Sunday, October 20, 2019

Alcatraz to Standing Rock: Reclaiming land, water and life


Dr. LaNada War Jack

Alcatraz to Standing Rock: Reclaiming land, water and life

By Brenda Norrell
Censored News

SAN RAFAEL, Calif. -- From Alcatraz to Standing Rock, the Native American rights movement has resulted in new federal laws and resulted in reclaimed lands and new realizations, said four Native Americans on an Indigenous Forum panel at the Bioneers Conference on Saturday. 
The panel -- From Alcatraz to Standing Rock, and Beyond: On the Past 50 and the Next 50 Years of Indigenous Activism -- described the ongoing destruction of industry, along with the value of the movements, making it clear that the economic paradigm of capitalism is the cause of the climate crisis.
Master of ceremonies Julian NoiseCat, Secwepmc, began by sharing news of the 50-year anniversary celebration of Alcatraz, and remembered the 19-month occupation of Alcatraz led by Indians of All Tribes.  NoiseCat honored those who stood, and asked those gathered in the outdoor forum tent to stane=d who were at the occupation of Alcatraz.

NoiseCat joined Dr. LaNada War Jack (Bannock); Clayton Thomas-Muller (Mathias Colomb Cree/aka Pukatawagan) and Ross K'dee (Pomo.)


Dr. LaNada War Jack, Shoshone Bannock, said she was sent to San Francisco on BIA relocation when she was 18 years old. At that the time in the Bay area, blacks had a program to send people to the University of California at Berkeley and she asked if she could be included. At the college, she helped create the Native American Student Group for Berkeley. This resulted in Native American groups at the universities throughout California. 

When a plan was announced to turn Alcatraz over to a billionaire for a casino, Native people decided to claim the island in accordance with Treaty rights.

Remembering the 19-month occupation, War Jack remembered the 19 Hopi who were incarcerated at Alcatraz. These were strong religious leaders. They were among the large number of Native leaders incarcerated at Alcatraz island. Apache, Shoshone, Paiute and Bannock leaders were incarcerated at Alcatraz.

"All of our leaders were taken to Alcatraz as well," War Jack said.

Their leader chosen for the occupation at Alcatraz was Richard Oakes. Sadly, his daughter was killed and he was there for six weeks.

At Alcatraz, they worked on the proposal for Thunderbird University. They also received $50,000 and created the Bay Area Native American Council, who negotiated with the federal government. She said at the time, the occupiers of Alcatraz were being accused of not having the support of the older generation, so this council was created for negotiations with the federal government.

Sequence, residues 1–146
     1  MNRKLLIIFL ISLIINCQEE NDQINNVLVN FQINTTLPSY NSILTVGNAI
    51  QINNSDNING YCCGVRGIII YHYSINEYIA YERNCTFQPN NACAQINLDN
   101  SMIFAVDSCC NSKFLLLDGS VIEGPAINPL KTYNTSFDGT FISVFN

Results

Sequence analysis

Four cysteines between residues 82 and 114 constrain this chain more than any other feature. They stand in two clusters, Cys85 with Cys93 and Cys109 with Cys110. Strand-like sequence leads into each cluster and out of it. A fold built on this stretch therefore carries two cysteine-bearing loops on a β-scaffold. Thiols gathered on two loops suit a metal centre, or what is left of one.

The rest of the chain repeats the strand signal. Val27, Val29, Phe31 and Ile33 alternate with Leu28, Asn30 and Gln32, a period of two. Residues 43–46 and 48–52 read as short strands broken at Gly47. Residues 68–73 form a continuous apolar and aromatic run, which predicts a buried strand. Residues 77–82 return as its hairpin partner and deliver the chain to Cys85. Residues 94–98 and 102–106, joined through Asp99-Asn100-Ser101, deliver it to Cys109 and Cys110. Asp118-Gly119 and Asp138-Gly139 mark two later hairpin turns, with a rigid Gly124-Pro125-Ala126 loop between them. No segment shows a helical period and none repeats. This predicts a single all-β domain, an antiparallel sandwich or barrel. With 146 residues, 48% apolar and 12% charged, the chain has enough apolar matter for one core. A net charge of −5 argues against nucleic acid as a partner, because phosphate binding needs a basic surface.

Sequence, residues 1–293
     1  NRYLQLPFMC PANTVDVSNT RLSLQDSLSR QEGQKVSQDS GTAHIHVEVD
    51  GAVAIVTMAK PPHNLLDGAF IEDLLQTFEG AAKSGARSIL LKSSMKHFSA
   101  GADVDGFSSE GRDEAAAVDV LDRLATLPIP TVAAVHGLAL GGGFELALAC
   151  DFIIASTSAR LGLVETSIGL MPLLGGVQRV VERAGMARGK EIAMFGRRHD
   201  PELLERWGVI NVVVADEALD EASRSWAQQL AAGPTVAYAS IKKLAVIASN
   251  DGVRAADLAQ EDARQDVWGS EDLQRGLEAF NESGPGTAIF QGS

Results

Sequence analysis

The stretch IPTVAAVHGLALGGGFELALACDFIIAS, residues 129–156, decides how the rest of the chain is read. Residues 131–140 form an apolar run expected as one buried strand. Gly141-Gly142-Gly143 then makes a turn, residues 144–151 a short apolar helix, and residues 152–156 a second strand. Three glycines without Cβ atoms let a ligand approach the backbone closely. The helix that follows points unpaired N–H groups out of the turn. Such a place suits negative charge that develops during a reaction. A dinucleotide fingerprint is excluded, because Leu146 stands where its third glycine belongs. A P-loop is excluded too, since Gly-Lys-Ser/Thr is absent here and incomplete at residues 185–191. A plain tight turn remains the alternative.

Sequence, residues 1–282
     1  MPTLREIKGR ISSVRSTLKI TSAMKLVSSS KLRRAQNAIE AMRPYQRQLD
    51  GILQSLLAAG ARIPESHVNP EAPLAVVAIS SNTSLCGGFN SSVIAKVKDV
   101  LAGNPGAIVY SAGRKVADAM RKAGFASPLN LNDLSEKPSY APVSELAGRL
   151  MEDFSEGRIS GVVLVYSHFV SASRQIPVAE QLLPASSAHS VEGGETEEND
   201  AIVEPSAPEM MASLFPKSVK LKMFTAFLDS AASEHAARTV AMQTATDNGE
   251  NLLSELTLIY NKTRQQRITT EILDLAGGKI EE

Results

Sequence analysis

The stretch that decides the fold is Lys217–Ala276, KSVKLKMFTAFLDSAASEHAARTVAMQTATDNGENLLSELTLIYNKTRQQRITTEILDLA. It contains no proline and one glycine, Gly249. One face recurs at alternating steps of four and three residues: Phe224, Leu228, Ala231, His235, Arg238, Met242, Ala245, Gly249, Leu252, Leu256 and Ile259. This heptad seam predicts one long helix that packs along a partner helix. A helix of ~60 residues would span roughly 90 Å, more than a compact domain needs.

"Here it is 50 years late and I am still alive," War Jack said.

War Jack pointed out that the tribal governments today are not the same as the Native governming bodies of long ago. The patriarchy now is a result of the oppression that Europeans brought, and it came with the trauma of boarding schools. It is the same system that kept the people from speaking their languages and carrying out their religions.

Speaking of the prayers at sunrise on Alcatraz, she encouraged prayers at sunrise, offering prayers to  the sunrays, which send these blessings back to earth. Singing impacts the light.

Ross K'dee, Pomo, remembered Richard Oakes who married and a Pomo. K'dee said the Oakes family continues to do good work in the Pomo community. K'dee said his own grandfather was director of the Intertribal Friendship House in Oakland and helped negotiate between the Alcatraz occupiers and the government.

"Alcatraz resulted in the reclaiming of lands all over the country," K'dee said.

From Alcatraz, many people went to DQ, where the same Treaty was used to claim land for DQ University, near Davis, California. But there were other lands reclaimed at the same time in California and Washington state, near San Luis Osibo and Seattle, that remain reclaimed lands by Treaty today, K'dee said.

K'dee expressed his love and appreciation for the allies in the movement. "We need allies on the frontline, especially when they come with the pepper spray."

K'dee spoke of the old-growth forest, salmon and natural beings being lost to destruction.

Clayton Thomas Muller, Cree, began with respect to Coastal Miwok ancestors. Clayton said that while growing up in Winnipeg, he was part of the Manitoba Warriors and in gang culture. This changed when he was taken to the Sundance. Today, the goal, he said, is to help young people decolonize their minds and re-establish their sacredness.

"Today young people have stepped up and are leading the climate movement."

Clayton said Greta Thunberg stepped up, but Indigenous young people have been leading the climate movement all along. An amazing 900,000 marched in Canada on Climate Strike Day. It was the largest ever, he said.